While it seems that showdowns, scandal, and drama are weapons used to help boost ratings, Kultgen isn’t convinced this is necessarily why viewers tune in.

“We want to see the wish fulfillment. We want the escapism and the fantasy, and that has not been there for a while.”

Some fans are so tired of the show’s choices, they now want to take the reins of casting the leads. Viewers and franchise alums loved the first #BachelorVote during the Season 19 finale. The vote allowed viewers to choose the winner of the first impression rose for the new Bachelor, Zach Shallcross (out of the five eligible women, they chose Brianna Thorbourne). Now they want to use the #BachelorVote to select the show’s lead.

Kultgen and Parker both agree they want the emotional turmoil to stop.

“From a narrative standpoint, by painting so much of the season, at least that early night one, with this tone of ‘Clayton Echard sucks,’ literally with a song called ‘Clayton Sucks,’ you’re taking away these players’ ability to start to establish their own personalities,” Kultgen says. “You’re also taking away the lead’s ability to establish their own identities outside of being victimized by this guy, like the specter of how much he sucked is hanging over their heads. It made no sense to me.”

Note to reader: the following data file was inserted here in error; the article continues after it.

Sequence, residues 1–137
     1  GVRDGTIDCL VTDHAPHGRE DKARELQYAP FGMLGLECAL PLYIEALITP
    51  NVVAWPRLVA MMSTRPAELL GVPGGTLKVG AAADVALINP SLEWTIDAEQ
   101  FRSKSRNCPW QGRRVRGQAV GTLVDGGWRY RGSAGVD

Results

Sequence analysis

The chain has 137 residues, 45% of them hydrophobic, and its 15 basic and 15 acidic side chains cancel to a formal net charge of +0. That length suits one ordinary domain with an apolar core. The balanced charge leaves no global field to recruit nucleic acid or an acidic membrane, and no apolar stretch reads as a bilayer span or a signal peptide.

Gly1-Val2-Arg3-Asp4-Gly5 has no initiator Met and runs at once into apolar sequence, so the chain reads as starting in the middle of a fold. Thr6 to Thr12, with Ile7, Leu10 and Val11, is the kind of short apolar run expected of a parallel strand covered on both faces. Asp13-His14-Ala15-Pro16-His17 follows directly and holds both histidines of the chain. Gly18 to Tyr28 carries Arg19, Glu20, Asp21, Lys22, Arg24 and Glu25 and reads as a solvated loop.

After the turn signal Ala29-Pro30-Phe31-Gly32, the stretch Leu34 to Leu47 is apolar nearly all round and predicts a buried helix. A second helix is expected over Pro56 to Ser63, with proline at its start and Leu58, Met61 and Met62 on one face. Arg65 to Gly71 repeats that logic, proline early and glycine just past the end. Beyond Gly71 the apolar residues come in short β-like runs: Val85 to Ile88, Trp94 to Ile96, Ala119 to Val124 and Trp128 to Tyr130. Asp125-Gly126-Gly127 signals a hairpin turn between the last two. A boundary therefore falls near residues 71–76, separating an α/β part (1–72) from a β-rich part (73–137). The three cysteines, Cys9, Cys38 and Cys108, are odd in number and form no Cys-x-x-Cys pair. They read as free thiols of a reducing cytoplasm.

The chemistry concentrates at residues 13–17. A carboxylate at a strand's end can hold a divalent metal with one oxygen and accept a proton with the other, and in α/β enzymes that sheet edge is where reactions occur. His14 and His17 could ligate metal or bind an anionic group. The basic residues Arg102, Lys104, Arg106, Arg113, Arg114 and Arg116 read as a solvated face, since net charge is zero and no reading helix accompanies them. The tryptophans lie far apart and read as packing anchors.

His suggestion? Cut the fake drama, return to the romance, make an exclusive streaming service for the franchise, embrace social media/evolve the strategy, and cast Tyler Cameron as the lead. Parker adds to follow the fans’ cries for more diversity, pay the cast more, and should Tyler be interested, “pay him absolutely whatever amount of money he wants.”

Above all else, they want to remind the series that The Bachelor and Bachelorette‘s original formula is still compelling. Keep choosing leads from the previous seasons, point the cameras at them, and let people fall in love.

Bachelor in Paradise, Season 8 Premiere, Tuesday, September 27, 8/7c, ABC